Researcher at Heart
Sitting Down With… Charles Clevenger, Professor and Chair of Pathology at Virginia Commonwealth University School of Medicine, Richmond, Virginia, USA
Michael Schubert | | Interview
What prompted your interest in medicine?
It started when I was in high school. I became broadly interested in research and, as that evolved, I realized that what really excited me was human research with a translational angle. I’ve been involved in research ever since I was 16 years old.
I chose pathology because it seemed like the best marriage of research and the clinic. As I finished my residency and fellowship, I found myself gravitating toward breast cancer research. At the time, I ran a DNA flow cytometry lab that principally worked on breast cancer, and my research postdoc focused on prolactin and the immune system. I told my mentor I wanted to port that research into the breast, so I could have congruence between my research and my clinical practice – and he consented.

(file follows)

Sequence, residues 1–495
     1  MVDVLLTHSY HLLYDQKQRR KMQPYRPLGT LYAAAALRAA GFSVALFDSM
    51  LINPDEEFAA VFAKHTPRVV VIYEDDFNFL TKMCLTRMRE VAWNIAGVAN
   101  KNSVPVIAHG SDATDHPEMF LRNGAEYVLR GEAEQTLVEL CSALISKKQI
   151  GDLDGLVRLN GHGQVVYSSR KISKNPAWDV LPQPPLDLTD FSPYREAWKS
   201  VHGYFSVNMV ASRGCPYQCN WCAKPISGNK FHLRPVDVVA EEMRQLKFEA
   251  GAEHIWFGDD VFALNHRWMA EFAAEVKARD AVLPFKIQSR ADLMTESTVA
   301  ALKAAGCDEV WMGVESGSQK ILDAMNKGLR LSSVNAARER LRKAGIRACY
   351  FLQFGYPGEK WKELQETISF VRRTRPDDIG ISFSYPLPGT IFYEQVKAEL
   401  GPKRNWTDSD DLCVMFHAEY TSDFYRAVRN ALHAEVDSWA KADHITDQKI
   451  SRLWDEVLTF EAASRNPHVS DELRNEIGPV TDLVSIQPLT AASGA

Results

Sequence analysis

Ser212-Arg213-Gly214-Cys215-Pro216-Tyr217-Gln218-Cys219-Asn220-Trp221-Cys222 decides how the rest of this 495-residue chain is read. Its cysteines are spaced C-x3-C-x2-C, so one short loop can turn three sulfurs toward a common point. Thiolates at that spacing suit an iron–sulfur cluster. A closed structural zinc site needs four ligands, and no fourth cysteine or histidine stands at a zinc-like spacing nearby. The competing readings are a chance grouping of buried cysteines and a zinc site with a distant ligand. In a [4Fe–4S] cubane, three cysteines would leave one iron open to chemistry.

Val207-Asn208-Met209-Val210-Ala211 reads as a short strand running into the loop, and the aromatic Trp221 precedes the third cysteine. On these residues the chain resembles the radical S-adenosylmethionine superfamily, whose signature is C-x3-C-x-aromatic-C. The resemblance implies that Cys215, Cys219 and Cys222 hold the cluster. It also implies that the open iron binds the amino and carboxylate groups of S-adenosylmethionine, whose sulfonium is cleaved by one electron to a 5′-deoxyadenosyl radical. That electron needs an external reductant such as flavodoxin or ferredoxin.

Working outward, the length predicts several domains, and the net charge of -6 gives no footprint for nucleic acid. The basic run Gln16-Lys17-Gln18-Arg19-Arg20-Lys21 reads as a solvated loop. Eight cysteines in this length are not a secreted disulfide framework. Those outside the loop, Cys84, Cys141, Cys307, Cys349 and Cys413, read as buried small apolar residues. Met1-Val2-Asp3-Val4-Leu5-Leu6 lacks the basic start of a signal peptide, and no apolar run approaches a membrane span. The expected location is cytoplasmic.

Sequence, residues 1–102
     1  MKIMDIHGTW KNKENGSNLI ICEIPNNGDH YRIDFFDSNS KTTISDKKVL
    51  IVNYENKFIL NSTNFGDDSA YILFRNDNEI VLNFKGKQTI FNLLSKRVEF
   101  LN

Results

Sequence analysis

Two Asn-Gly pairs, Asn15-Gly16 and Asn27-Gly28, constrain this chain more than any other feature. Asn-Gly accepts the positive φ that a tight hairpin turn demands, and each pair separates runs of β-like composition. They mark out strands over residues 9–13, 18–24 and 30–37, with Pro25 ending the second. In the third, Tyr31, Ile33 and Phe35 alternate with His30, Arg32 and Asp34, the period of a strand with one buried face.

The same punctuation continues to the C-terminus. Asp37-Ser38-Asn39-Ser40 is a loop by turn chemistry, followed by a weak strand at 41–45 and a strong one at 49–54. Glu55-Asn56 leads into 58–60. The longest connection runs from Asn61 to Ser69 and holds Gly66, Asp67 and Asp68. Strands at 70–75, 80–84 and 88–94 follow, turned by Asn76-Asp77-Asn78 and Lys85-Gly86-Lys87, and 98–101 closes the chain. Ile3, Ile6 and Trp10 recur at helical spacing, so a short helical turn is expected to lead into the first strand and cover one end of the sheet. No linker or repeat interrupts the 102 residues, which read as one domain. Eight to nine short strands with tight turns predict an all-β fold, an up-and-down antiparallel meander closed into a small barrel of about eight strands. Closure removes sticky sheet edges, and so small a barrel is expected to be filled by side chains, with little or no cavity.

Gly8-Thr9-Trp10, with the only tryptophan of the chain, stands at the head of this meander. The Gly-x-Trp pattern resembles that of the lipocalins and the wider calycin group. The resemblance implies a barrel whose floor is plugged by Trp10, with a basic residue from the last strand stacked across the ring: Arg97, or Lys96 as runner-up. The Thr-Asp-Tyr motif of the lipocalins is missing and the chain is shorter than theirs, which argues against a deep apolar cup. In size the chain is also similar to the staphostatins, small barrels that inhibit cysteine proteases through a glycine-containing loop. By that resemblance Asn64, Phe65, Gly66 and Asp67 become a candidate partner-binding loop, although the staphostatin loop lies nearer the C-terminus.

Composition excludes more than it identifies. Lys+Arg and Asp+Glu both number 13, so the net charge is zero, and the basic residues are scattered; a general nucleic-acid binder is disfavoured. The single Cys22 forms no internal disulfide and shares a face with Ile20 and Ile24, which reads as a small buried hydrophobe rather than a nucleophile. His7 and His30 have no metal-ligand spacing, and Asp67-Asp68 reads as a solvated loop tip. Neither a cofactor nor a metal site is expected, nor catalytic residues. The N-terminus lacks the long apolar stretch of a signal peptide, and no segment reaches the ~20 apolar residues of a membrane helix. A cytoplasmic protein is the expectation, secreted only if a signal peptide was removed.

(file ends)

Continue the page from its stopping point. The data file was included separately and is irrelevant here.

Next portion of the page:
What has been the most unexpected moment of your career?
I would say there have been two.
One is our discovery that both prolactin and its receptor can enter – and function in – the nucleus. The notion that peptide hormones could enter the nucleus was heretical at the time. People thought steroid hormones worked in the nucleus and peptide hormones worked at the cell surface – and ne’er the twain shall meet. Now, of course, we know that’s not true.
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